It’s time to dig into an important topic for all developers; filtering entities in an efficient way. The ftrack API already has a lot of flexibility and choice, providing options for what relations can be used and it’s just got even better.
Before diving into what’s new, we’ll guide you through a few ways of how to filter on data in ftrack using our API.
Filtering on scalar attributes is the most basic form of filtering – just filter on an attribute. Here we filter out Notes written on a given date:
Note where date is "2018-05-25"
Or even combinations of such filters:
Note where date > "2018-05-01" and date < "2018-06-01"
ftrack also supports filtering on relations. Here we filter on a scalar relationship. As an example, we can filter out all the Notes written by a single author:
Note where author.username is "john.doe"
The same query can be written using the “has” keyword. Same thing but different syntax:
Note where author has (username is "john.doe")
Well that was easy, wasn’t it? Now let’s filter on a collection relationship:
Note where replies.author.username is "john.doe"
The alert reader probably noticed that we filtered on both a collection (replies) and scalar (author) attribute – we can mix them. Imagine now that we don’t know the username (john.doe), but we know the first and last name “John Doe”. How would we filter then?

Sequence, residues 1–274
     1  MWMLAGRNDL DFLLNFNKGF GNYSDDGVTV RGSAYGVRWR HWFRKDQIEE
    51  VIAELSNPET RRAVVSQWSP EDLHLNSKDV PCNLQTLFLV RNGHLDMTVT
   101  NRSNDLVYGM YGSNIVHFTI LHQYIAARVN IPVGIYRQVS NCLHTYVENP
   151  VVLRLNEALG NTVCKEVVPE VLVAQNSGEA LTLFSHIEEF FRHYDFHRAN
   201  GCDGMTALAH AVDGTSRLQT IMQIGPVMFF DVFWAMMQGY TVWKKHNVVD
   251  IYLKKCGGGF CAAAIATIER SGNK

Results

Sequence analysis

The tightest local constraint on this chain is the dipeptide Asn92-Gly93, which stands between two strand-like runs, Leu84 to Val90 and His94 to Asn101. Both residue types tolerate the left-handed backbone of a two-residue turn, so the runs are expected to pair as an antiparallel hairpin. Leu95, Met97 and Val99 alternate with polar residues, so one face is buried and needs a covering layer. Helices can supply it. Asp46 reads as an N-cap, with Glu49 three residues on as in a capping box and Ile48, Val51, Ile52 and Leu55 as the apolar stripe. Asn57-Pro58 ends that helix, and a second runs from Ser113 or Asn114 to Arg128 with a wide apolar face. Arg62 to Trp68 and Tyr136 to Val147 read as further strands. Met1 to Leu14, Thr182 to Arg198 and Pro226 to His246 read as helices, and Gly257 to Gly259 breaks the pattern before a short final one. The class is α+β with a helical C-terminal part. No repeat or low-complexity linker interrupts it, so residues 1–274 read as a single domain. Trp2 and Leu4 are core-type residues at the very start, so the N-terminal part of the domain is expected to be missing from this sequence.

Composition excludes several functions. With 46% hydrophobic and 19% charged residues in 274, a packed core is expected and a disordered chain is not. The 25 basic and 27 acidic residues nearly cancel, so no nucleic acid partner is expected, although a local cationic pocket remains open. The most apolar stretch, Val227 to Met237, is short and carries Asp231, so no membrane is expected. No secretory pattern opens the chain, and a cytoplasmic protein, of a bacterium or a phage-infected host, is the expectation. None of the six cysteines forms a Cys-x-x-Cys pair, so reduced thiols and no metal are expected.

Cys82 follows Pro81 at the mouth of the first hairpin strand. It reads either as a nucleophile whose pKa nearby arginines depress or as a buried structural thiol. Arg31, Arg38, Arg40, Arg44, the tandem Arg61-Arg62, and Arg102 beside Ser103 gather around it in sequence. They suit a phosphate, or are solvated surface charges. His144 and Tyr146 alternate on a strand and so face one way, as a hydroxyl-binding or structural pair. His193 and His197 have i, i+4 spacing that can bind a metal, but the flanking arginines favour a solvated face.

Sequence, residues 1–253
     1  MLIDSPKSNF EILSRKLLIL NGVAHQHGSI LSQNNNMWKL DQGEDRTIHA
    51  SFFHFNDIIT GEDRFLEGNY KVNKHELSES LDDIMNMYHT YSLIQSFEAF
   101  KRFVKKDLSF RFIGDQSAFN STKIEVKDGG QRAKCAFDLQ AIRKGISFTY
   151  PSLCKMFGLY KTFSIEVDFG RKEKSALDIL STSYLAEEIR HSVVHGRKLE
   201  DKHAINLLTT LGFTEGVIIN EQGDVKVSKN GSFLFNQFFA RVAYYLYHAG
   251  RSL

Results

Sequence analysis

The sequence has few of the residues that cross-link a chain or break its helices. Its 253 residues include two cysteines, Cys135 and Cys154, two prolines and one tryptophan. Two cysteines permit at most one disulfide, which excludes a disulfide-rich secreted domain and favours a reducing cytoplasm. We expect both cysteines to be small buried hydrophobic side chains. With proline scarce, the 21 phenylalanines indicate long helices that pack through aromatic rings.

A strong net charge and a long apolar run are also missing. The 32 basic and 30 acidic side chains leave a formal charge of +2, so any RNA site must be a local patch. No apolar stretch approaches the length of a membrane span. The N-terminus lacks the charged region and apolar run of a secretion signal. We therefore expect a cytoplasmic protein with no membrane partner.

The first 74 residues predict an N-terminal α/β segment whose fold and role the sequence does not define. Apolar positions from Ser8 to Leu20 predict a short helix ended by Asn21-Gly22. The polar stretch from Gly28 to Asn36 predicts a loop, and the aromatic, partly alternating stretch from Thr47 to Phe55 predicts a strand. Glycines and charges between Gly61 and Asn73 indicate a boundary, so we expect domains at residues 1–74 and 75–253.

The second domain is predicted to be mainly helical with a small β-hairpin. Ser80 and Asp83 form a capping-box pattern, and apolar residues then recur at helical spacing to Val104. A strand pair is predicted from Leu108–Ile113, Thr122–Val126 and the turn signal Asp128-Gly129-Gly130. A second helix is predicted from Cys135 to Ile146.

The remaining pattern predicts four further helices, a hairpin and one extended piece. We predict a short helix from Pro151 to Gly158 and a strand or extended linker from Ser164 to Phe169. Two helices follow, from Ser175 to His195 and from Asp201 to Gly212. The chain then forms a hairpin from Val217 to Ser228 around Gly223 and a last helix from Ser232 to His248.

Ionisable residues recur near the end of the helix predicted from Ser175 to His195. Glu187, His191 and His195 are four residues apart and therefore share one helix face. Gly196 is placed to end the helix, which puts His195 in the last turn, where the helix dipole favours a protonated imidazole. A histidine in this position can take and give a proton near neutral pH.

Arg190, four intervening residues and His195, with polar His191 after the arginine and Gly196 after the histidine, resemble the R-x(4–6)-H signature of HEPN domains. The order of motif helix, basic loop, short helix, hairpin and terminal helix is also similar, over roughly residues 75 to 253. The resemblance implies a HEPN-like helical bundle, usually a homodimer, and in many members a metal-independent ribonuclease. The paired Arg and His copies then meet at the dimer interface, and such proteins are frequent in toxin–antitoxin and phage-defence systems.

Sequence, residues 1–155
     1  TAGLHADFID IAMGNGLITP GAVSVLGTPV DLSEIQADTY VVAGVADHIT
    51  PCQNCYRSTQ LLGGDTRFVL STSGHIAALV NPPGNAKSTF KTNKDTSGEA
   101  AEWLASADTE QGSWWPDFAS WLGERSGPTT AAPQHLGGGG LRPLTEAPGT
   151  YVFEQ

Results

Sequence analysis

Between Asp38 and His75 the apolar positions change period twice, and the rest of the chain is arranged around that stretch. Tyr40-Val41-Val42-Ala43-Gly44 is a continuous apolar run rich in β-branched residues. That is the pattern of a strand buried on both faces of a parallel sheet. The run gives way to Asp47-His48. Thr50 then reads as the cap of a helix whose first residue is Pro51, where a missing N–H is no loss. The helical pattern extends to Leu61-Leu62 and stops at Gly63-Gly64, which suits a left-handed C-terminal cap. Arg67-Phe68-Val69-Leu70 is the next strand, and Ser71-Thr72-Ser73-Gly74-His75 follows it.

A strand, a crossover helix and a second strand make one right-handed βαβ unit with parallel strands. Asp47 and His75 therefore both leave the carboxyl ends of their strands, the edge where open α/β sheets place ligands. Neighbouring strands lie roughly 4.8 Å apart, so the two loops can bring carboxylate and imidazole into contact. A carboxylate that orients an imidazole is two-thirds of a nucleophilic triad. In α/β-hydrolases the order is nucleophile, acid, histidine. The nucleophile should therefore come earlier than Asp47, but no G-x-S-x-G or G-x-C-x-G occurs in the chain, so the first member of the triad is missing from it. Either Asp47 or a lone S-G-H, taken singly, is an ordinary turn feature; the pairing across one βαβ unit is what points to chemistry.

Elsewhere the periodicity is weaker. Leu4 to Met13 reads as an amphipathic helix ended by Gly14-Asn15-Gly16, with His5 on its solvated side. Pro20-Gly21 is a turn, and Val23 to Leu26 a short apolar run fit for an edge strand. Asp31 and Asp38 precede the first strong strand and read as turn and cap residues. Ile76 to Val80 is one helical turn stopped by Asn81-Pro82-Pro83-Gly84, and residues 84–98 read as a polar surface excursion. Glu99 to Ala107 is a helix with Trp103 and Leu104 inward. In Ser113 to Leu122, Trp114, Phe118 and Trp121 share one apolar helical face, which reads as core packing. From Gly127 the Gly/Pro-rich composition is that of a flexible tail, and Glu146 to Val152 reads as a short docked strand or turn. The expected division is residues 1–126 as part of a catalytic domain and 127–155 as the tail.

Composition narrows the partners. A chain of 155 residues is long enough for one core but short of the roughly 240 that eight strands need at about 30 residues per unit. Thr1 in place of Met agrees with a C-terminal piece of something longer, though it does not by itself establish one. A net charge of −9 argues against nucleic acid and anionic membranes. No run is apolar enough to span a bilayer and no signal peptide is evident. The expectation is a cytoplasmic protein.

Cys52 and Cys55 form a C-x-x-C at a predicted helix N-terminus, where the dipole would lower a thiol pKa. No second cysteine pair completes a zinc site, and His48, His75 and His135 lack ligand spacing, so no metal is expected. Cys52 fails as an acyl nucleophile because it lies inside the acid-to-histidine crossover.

Note where replies any (author.first_name is "John" and author.last_name is "Doe")
You can see that we use the “any” keyword. This allows us to filter on collection relations where an item in the collection must meet both criteria (first_name and last_name).
Now a sneak-peek at the new subquery filters
In the upcoming ftrack release we will be introducing subqueries as a way of filtering. The syntax is similar to other types of filtering but with a query as a condition:
<Entity> where <Attribute> in (<Query>)
E.g. we can rewrite our Note and replies example above with the new syntax:
Note where id in (select in_reply_to_id from Note where author.username is "john.doe")
This will give us the same result but the syntax is different. Another useful way of using subquery is to filter on items that do not have a natural relation. E.g. Notes based on a parent property.
In this example we filter out all Notes written on tasks that have the ‘In progress’ status:
Note where parent_id in (select id from Task where status.name is "In progress")
That was a quick look at filtering and the new upcoming subquery feature. For more information on the API and filtering please have a look at these links: